You can see more going on around you if you keep quiet and still; this is true for scuba diving, walks down by the St. Lawrence and life in general. The sun is stretching itself now and developing some real warmth; the only ice remaining is a thin fringe on the river bank, and sheets of candle-wax ice in the sheltered bays. Turning round slowly my eye was caught by a coyote crossing the field with a steady gallop like a fox's; he was bigger, of course, dog-size; sandy-coloured with a black tip to his tail. I was downwind of him, and motionless so as not to scare him, so he hung around for a few minutes, all business, searching for food. The deer must have picked up his scent; normally I have to beat them off with a stick, but there were none anywhere today.
The blue herons are back; one flew overhead with a stately slo-mo flap of wings, legs stretched out behind and neck coiled up. Two or three hawks were up there too, balancing on the thermals, checking out the progress of the geese nesting season; it doen't bode well for goslings, but it's early yet.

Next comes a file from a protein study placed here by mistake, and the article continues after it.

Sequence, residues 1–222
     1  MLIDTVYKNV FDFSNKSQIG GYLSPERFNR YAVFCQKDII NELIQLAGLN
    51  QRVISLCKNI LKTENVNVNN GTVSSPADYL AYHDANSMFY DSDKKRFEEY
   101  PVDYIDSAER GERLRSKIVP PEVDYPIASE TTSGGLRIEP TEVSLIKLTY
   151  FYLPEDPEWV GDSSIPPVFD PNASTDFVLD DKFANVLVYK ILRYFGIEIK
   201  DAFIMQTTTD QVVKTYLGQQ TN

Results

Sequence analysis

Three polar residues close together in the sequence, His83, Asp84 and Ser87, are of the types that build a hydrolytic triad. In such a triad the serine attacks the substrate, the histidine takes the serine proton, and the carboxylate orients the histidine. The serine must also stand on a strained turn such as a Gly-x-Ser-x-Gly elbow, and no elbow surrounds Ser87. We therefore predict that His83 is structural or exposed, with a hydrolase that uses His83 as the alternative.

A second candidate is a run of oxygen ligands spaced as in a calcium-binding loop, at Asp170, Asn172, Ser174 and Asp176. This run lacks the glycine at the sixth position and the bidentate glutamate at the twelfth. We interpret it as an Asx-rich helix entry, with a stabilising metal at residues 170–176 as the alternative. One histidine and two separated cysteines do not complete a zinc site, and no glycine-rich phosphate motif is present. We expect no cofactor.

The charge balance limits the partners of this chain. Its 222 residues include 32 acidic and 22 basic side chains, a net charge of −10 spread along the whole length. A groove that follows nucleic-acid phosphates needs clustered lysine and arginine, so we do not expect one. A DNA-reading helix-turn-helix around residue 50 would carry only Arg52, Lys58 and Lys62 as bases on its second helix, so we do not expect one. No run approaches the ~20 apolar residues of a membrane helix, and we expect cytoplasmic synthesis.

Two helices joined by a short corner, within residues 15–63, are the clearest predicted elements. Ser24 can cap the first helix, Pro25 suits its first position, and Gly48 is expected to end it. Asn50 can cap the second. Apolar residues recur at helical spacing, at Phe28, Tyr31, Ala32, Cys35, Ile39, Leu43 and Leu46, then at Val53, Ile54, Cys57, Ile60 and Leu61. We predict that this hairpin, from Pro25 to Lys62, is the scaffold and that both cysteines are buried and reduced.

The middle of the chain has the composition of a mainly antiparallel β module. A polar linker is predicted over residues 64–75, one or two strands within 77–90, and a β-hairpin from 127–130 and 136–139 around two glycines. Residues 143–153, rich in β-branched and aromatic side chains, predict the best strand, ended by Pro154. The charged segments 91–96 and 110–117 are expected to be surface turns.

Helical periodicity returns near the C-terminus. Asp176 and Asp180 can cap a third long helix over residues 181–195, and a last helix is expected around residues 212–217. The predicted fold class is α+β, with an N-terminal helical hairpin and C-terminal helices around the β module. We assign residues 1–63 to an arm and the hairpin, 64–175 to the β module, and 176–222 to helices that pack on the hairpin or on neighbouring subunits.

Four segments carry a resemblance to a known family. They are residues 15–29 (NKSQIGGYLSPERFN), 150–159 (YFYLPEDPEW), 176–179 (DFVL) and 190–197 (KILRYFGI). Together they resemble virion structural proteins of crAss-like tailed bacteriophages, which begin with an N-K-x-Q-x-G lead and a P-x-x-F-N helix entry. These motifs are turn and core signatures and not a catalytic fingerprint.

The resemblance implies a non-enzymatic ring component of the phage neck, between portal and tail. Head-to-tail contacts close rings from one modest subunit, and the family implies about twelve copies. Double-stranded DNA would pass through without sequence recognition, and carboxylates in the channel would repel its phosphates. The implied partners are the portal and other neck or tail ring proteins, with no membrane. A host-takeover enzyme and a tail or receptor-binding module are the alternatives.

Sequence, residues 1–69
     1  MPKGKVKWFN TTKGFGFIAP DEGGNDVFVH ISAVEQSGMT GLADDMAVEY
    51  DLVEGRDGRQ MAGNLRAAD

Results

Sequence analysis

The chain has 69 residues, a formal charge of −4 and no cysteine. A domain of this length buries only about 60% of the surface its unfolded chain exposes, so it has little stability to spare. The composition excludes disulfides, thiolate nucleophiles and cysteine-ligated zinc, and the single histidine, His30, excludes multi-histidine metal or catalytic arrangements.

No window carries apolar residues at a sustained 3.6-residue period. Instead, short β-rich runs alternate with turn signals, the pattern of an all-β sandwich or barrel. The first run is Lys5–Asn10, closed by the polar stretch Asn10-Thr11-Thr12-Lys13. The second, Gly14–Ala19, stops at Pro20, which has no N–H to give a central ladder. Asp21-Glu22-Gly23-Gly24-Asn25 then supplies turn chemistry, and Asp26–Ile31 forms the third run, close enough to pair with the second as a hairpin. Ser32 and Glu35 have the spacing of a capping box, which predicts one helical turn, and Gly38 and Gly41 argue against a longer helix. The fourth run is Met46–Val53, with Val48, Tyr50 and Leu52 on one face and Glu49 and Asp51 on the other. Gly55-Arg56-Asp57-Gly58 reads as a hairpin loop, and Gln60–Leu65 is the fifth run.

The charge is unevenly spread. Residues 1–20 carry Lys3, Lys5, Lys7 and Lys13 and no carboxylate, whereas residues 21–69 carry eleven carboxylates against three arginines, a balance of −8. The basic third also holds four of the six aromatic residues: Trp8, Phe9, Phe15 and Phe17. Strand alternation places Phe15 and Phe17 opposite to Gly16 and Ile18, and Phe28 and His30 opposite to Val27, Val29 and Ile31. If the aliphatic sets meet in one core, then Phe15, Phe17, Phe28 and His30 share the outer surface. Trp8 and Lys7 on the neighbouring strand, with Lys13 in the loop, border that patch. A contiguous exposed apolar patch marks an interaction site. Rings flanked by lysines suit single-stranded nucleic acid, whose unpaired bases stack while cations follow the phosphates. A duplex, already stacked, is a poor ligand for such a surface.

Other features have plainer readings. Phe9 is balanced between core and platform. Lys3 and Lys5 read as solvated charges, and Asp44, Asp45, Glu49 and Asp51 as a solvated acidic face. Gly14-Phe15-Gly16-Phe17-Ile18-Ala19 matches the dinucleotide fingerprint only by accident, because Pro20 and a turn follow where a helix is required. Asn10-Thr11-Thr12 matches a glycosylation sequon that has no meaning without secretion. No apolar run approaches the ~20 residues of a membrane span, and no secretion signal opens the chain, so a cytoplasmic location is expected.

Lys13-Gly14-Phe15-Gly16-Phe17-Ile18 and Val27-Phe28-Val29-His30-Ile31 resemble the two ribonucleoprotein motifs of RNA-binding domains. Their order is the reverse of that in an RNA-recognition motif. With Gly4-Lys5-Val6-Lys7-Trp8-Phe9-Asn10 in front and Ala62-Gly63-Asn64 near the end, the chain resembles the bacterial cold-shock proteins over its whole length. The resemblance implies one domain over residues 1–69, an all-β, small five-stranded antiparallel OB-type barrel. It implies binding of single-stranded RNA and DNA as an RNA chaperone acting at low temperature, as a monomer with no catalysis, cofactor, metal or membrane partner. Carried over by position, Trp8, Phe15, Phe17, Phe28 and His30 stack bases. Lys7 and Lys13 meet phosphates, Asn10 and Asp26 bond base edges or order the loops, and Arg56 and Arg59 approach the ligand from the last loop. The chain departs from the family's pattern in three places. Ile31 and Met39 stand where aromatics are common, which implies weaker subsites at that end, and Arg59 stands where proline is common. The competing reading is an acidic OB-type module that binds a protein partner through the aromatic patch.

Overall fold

The high waters of last fall left a line of flotsam and all kinds of pack-rat treasure. Haul so far: abandoned fishing float (good toy for Riley the cat); two plastic toy spades (will do nicely for spreading salt on ice, and bird seed on lawns); a plastic tent peg; nice piece of two-by-four for campfire kindling, and a large plastic scoop to use as a bailer for my rented rowboat. Also seen: a complete set of sturdy steps which would have made a seviceable plant stand--alas! too heavy to carry.
The joy of a deserted riverbank is that I can indulge these eccentricities and no-one's any the wiser.